($1$) Given a sequence $x_n$, we say $\lim x_n= \infty$ if $\forall A \in \mathbb{R}$ there is a $N \in \mathbb{N}$ such that $n > N \implies x_n> A$.

Note that this is a slight abuse of notation. The sequence $x_n$ above, BY DEFINITION, does not converge. But we say $\lim x_n= \infty$, because it makes sense. To be completely honest, we should write something different, like $L ~x_n= \infty$

But note that, according to our topology, we have that the definition of $L ~x_n= \infty$ is in fact the definition of $\lim x_n= \infty$. In fact, ($1$) is precisely telling: For all neighbourhoods $V$ of infinity, there exists an $N$ such that $n > N \implies x_n \in V$. So, $x_n$ CONVERGES, and REALLY CONVERGES to $\infty$.

We come to our first proposition:

**Proposition**: $\displaystyle \overline{\mathbb{R}}$ is compact.*Proof:*Take an open cover $V_i$ of $\displaystyle \overline{\mathbb{R}}$. Choose a $V_{i_1}$ such that it contains $+\infty$, and a $V_{i_2}$ such that it contains $-\infty$. They contain a set of the form $(b,\infty]$ and $[-\infty, a)$ respectively, so the rest of the $V_i$ should cover $[a,b]$, which is contained in the complement of those sets. But, by the Heine-Borel Theorem, $[a,b]$ is compact. Hence, there is a finite subcover of $V_i$ that covers $[a,b]$. So, this finite subcover, together with $V_{i_1}$ and $V_{i_2}$ covers $\displaystyle \overline{\mathbb{R}}$. So, we arrived at a finite subcover for $\displaystyle \overline{\mathbb{R}}$. $\blacksquare$.**Corollary:**Every sequence in $\displaystyle \overline{\mathbb{R}}$ has a convergent subsequence.Note the analogy between bolzano-weierstrass theorem and the corollary above. Bolzano-weierstrass says every

*sequence has a convergent subsequence.*__bounded__We arrive now at a result that does not involve $\displaystyle \overline{\mathbb{R}}$ at first sight:

**Proposition:**Let $f:[0,\infty) \rightarrow \mathbb{R}$ be a continuous function such that $\displaystyle \lim _{x \rightarrow \infty}f(x) =L$, and $L<f(0)$. Then, $f$ has a maximum.*Proof:*Define $\overline{f} :[0,\infty] \rightarrow \mathbb{R}$ as $f(x)$ if $x \in [0,\infty ) $ and $L$ if $x=\infty$. Since $\displaystyle \lim _{x \rightarrow \infty} f(x)=L$, $\overline{f}$ is continuous in $[0,\infty]$. Since $[0,\infty]$ is closed (not proved, but easily seen to be true) and $\displaystyle \overline{\mathbb{R}}$ is compact, $[0,\infty]$ is compact. Hence, $\overline{f}$ reaches a maximum on $[0,\infty]$. This maximum cannot be in $\infty$, since $f(0)>f(\infty)$. Hence, this maximum must be achieved in $[0,\infty)$. $\blacksquare$Note somethings in the previous demonstration:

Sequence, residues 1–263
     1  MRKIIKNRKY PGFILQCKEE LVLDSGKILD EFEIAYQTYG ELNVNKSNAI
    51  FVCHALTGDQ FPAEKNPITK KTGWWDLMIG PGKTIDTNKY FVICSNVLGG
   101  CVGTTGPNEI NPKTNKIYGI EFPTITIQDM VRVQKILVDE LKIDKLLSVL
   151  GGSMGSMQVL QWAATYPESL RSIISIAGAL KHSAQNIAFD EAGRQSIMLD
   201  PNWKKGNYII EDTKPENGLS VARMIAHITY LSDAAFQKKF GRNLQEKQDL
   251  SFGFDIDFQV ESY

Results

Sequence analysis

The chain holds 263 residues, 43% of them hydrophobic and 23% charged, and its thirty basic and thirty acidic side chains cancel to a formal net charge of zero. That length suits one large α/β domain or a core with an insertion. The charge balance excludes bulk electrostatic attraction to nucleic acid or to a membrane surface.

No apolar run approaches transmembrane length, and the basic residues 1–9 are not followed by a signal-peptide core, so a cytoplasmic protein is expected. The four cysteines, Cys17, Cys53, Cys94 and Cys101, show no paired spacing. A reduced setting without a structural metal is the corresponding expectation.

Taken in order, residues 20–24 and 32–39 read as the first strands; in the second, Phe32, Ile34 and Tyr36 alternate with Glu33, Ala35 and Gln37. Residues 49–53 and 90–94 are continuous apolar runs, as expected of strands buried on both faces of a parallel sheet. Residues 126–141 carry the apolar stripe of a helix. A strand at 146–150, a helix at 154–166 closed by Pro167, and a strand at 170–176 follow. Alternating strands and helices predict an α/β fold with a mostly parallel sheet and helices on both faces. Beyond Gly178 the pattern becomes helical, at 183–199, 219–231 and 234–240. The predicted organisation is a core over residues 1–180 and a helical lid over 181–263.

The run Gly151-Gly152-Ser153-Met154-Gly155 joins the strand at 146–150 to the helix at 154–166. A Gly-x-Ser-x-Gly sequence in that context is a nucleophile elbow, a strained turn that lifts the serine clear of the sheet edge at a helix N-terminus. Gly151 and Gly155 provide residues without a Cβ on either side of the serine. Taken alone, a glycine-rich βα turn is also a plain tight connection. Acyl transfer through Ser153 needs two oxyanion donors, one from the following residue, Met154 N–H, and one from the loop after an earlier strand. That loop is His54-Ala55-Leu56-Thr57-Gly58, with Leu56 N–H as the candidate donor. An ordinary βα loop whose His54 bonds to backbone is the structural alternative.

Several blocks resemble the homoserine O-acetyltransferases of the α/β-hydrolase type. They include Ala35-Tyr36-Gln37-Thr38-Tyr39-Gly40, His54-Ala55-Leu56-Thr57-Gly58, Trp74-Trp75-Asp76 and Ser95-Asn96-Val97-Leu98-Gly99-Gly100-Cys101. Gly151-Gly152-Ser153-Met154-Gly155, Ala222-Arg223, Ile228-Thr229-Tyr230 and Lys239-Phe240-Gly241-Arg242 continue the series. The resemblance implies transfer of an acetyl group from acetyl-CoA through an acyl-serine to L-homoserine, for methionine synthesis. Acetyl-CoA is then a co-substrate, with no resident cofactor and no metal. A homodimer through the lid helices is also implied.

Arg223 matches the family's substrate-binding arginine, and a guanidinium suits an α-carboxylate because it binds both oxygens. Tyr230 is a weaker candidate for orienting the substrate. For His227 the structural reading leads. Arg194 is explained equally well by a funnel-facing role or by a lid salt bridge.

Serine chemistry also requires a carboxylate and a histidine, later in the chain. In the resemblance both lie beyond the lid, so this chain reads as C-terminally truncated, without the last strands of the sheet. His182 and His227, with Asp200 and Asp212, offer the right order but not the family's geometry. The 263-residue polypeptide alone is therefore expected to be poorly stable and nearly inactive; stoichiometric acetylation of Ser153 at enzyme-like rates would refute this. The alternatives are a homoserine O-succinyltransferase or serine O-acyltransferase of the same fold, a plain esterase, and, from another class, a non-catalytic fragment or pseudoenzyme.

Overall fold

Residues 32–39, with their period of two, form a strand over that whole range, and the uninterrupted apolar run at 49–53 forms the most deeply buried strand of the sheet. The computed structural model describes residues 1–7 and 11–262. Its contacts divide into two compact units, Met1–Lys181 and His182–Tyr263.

First, $0$ has nothing special. If there was any other place where $f$ was greater than $L$, it would be enough.

Secondly, this requirement (that $f(0)>L$) is just to guarantee that the maximum is in $[0,\infty)$ and not in $[0,\infty]$. In fact, there is always a maximum in $[0,\infty]$. The problem is, sometimes the maximum can be achieved at infinity. Draw an example of this (any monotonic increasing bounded function will do!).

We conclude by sketching the proof of the following theorem:

**Theorem:**A continuous bijective function $f$ on an interval has a continuous inverse.*Sketch of Proof:*If the interval is of the form $[a,b]$, it is compact, and we are done.If the interval is of the form $[a,b)$, since $f$ is continuous and bijective, it is monotonic (by the intermediate value theorem), so $\displaystyle \lim_{x \rightarrow b}f(x)$ exists (it can be $\infty$, no problem!). Pass to the extension $\overline{f}$ of $f$ on $[a,b]$. It is continuous. Hence, since $[a,b]$ is compact, the inverse is continuous. Restrict the inverse by taking away $\overline{f}(b)$. This is precisely the inverse of $f$. The rest is analogous. $\blacksquare$.